Technion Engineer and Co-founder of Israel's National Hockey Team: We Need Engineers with a Social Conscience
by Rhonda Spivak, posted January 14, 2011
Next time Mark Telesnick, who is an engaging speaker comes to speak in Winnipeg, we need to make sure we get him to bring his skates, and buy him a ticket to a Jets game.
The 51 year old Talesnick isn’t only a world class engineer who established a chapter of Engineers Without Borders (EWB) at the Technion-Israel Institute of Technology.
Born in Toronto but raised in Kingston, Ontario Talesnick decided to make aliyah in 1982, Talesnick co- founded Israel’s national ice hockey team.
“I lost to Wayne Gretsky” Talesnick told the Winnipeg Jewish Review, when he played in Kingston, noting that the team he assembled for Israel was made up of a lot of ex-pat Canadians and a few sabras too. In Israel, the team trained at Canada Centre in Metulla on the border with Lebanon, the only ice rink in the country.
Talesnick said he “hasn’t been playing hockey” for a while now, although he probably still has some gear. [the Israeli team he co-founded got killed in its first game, against Spain, losing 23-4. The Israelis then beat the Turks and the Greeks in the next games, making them feel just a little like the ancient Maccabees.]
While Talesnick isn’t focusing anymore on building team spirit in hockey, he is infusing his students with a social conscience and an innovative spirit to enable them to handle global challenges of improving the quality of life of disadvantaged populations throughout the world.
As Talesnick explained when in Winnipeg in November 2011, bringing engineering solutions which enable people to improve their lives and are also designed in a way that the community itself can maintain the infrastructure is what is needed to effect “major change,” which “can often be done with a relatively small budget.”
As Telesnick said, “It’s not enough to teach our students how to …to crunch numbers… We need to be training our graduate engineers as leaders in society.”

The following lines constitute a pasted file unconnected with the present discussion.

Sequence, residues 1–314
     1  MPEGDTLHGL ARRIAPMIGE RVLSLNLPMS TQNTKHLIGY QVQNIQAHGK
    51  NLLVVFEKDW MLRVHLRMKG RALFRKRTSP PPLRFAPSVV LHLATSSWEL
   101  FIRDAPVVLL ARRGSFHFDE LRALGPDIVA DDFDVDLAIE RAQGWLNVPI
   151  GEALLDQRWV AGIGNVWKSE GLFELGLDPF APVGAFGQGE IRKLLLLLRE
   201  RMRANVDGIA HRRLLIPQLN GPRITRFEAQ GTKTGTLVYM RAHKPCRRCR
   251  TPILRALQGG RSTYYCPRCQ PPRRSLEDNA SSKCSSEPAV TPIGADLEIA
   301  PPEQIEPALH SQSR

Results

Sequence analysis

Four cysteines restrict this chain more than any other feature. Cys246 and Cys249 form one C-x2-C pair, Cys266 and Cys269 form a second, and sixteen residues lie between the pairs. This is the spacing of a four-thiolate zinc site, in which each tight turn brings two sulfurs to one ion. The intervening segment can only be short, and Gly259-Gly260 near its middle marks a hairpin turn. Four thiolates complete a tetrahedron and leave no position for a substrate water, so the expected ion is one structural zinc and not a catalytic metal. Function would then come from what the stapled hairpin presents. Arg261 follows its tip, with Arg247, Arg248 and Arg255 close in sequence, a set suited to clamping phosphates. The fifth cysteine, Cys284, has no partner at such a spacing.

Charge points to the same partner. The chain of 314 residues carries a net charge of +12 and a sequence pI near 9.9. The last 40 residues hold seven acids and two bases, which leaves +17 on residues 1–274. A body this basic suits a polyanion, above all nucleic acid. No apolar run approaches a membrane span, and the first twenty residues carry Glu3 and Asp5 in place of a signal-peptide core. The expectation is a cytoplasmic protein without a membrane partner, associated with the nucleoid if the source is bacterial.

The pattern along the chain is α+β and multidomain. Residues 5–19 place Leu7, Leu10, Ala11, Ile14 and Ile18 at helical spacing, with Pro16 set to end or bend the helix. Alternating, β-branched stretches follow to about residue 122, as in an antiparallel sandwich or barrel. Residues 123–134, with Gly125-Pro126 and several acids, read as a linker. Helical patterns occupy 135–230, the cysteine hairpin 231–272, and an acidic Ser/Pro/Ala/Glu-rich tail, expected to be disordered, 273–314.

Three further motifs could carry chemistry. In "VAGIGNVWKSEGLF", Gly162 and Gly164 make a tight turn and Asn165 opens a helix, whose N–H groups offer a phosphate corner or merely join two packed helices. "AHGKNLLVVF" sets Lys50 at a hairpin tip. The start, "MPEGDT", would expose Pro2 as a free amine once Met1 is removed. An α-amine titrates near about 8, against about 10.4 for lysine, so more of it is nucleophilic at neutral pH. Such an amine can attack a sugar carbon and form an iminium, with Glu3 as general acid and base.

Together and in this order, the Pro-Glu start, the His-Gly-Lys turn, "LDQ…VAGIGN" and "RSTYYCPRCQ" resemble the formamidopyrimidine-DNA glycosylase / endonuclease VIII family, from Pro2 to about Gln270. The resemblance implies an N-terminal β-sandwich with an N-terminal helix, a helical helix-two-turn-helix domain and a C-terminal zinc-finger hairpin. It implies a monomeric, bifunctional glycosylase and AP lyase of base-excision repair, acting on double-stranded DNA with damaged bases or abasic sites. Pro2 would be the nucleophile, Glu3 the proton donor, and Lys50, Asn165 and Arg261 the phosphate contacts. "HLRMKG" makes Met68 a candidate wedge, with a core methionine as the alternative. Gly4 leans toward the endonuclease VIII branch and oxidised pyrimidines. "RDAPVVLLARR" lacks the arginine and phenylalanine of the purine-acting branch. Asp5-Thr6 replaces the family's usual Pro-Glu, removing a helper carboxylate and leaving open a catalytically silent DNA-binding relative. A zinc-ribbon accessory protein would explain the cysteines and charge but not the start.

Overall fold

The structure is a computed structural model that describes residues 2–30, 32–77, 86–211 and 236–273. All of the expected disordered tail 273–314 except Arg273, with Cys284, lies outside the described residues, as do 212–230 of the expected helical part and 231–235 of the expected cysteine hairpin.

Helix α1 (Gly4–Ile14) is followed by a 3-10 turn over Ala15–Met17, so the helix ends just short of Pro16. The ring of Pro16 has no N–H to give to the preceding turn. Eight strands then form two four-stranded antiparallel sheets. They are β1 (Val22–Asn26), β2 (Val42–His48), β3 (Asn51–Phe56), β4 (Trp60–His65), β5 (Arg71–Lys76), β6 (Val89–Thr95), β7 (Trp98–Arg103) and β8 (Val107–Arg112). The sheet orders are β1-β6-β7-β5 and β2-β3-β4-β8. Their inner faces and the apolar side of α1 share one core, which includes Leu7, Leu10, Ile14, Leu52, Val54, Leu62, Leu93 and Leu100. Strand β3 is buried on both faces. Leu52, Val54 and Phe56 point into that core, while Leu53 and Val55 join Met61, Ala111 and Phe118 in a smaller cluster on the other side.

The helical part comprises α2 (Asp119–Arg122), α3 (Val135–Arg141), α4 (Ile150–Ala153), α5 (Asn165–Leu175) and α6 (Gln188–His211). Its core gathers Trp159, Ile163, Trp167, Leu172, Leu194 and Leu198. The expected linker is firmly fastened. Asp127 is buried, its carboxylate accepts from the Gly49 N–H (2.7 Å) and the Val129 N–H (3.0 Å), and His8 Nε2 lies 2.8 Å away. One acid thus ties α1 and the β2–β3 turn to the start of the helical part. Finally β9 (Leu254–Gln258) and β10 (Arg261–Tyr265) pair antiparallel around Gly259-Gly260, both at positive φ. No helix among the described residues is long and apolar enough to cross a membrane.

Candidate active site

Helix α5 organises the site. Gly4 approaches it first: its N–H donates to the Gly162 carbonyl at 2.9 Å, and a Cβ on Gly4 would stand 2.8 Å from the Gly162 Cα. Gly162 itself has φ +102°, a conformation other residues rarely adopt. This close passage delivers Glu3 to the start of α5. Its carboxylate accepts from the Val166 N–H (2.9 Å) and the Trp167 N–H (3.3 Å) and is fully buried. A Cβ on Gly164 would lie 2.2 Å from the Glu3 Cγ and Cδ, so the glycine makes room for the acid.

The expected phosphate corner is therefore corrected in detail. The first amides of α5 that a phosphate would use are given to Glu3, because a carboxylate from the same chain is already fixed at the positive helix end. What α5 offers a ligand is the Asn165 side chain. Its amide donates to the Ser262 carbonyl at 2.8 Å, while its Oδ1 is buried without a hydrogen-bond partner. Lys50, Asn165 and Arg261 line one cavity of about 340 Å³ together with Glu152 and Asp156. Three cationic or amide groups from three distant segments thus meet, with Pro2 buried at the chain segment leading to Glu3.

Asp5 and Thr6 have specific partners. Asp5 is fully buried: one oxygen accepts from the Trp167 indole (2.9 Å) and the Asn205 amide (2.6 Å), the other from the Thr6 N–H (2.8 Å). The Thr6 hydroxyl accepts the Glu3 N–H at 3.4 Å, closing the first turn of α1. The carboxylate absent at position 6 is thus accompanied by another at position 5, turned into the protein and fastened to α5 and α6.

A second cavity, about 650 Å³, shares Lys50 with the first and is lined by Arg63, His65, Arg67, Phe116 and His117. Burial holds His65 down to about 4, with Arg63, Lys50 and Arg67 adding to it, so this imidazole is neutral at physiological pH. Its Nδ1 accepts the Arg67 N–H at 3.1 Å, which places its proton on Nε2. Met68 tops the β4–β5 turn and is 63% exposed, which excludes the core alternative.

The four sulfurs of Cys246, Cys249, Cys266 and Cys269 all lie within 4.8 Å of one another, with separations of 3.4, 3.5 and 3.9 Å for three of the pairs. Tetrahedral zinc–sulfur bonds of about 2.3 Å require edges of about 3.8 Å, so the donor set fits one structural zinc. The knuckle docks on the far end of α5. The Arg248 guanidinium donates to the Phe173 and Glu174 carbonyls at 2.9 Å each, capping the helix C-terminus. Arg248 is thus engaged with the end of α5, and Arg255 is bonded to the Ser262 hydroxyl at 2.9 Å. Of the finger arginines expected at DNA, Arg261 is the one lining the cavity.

According to Talesnick, university engineering courses,” are currently designed to meet only “ the needs of 10 percent of the world’s population” living in technologically advanced countries, but not the other “90 percent of the world” where such basics as clean water, and sustainable energy are lacking.
“Engineers need to be thinking of solutions to address these problems,” Talesnick said, noting that many engineers lacked “hands-on experience and know-how.”
Talesnick spoke of how the Technion EWB team of some 25 Israeli and American students applied their know-how to help the Bedouin village of Kochle in the Negev, whose single generator provided a limited unstable supply of energy.
Talesnick heard from a Bedouin whose brother was sick in a hospital and could not be released home “unless his medications were refrigerated round the clock.”
“The village did not have proper refrigeration,” said Talesnick, who explained how his students came up with a practical solution, “a small cooler connected to a battery charged through solar panels.”
Telesnick spoke of his team’s remarkable work in a rural village in Nepal of about 1000 people, landlocked between India and China where there is no access to gas or kerosene. Old-growth forests are being cut down by the villagers as wood serves as the main energy source for cooking and heating.
“Children spend several hours a day carrying wood,” noted Talesnick, instead of being able to be in school or doing other productive activity.